4 min to read
Basic Tutorials Part 0
Basic Tutorials Part 0.
We will follow a bunch of libraries in the course and this post intends to provide an overview of the same and justification for using these. If you have a different viewpoint or want to question us on any of these points, please leave a comment below and we’d love to chat about it.
That said, we will probably stick to these options because after extensive exploration, we have concluded that these are the best options for us. But we’re open to any suggestions and places for improvements!
Git and GitHub
A version control system (or VCS) provides an automatic way to track changes in software projects, giving creators the power to view previous versions of files and directories, develop speculative features without disrupting the main development, securely back up the project and its history, and collaborate easily and conveniently with others. In addition, using version control also makes deploying production websites and web applications much easier.
At a certain point, you might end up breaking your project and you might want to do a little version control. Git to the rescue!
Github: Central service for hosting Git repositories.
It’s a place to brag about repositories by showcasing them and at the same point a place to host the code to allow contributors to add to the Project.
Now many of us here would be beginners and might pick a GUI over a command line, but it turns it that command line can be better than GUI. Some functionalities are just faster done with Command Line, and when you use a cloud service. You will need to use a Command Line to perform actions on your machine.
Most of the commands are run in BASH which is a shell that runs your commands in the background.
A terminal is the interface to the BASH environment on your machine. When you use a terminal, you use the interface to access the BASH environment on your machine
Anaconda is another Open Source project that is the most used amongs the Data Science world. We will chiefly be using Conda and Jupyter Notebooks.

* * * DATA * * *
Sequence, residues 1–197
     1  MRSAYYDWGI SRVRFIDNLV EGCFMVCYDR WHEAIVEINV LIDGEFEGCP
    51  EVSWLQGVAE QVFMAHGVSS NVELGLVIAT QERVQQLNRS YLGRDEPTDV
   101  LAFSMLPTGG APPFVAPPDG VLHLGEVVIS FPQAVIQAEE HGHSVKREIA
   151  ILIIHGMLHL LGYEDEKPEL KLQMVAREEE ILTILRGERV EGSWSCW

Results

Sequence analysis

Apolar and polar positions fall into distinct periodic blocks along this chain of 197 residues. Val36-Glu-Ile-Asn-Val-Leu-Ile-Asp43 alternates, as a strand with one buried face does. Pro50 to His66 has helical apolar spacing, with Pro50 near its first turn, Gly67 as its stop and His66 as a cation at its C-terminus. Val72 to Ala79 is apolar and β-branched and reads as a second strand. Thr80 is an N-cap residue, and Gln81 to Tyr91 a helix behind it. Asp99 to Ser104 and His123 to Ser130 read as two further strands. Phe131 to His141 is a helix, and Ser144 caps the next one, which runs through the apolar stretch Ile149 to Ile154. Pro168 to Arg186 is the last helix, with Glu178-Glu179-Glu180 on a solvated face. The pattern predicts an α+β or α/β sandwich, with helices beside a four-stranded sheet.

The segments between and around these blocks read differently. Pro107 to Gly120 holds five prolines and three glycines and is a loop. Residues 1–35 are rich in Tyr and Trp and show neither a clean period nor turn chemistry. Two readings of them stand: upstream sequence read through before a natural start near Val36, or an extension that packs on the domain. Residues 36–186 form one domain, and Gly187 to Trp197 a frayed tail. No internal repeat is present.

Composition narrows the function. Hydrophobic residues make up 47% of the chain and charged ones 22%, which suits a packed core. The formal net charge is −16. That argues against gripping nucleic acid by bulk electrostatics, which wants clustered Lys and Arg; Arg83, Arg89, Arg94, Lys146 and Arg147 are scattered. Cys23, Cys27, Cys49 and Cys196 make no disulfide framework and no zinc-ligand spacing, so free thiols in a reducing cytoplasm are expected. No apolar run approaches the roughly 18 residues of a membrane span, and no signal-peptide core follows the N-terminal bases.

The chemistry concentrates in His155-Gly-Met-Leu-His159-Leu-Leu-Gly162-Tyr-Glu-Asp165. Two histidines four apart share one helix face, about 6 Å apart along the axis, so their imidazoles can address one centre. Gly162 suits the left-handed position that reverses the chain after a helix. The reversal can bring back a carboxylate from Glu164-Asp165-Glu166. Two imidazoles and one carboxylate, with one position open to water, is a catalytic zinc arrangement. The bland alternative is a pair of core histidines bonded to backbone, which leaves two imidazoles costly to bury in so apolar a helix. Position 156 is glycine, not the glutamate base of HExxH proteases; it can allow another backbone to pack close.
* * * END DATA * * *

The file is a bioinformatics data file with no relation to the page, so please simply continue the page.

Conda is an open source package management system and environment management system that runs on Windows, macOS and Linux.
Conda quickly installs, runs and updates packages and their dependencies. Conda easily creates, saves, loads and switches between environments on your local computer. It was created for Python programs, but it can package and distribute software for any language.
While creating a Project, you will require various libraries and dependencies. Some projects will require a certain set of libraries which will work only with a given version of a set of other libraries, but at the same point you might want to work on a different set of projects.
To help with this, Conda creates separate ‘environments’. A environment X with a set of libraries is independent and unaffected by another environment Y. Thus you can work on your given projects without worrying about ‘breaking’ the requirements everytime you install something-when you do, conda ensures that the ‘environment’ works in cohesion by changing other libraries.
Another point worth mentioning is, Open Source projects share their ‘source’ code; which needs to be compiled everytime you want to use it. However, compiling a huge library can be tedious and time taking. Conda provides precompiled libraries to be downloaded whenever you need to install something new. So you just have to download it and can dive right in!
A detailed tutorial of using Conda and Jupyter notebooks will be shared in these series.
Python is the intensely used by Deep learning practitioners to cutting edge researchers.
It’s an Open Source langauge that has gained tremendous fame in the recent years
This post serves as a basic overview, hence many technical details will be skipped here.
The reasons why we want to use this are:
- Huge community
- Interface with Low Level Languages
- Large number of Libraries available.
This series will feature an introduction to Python programming and using it’s two most important libraries for Data Science:
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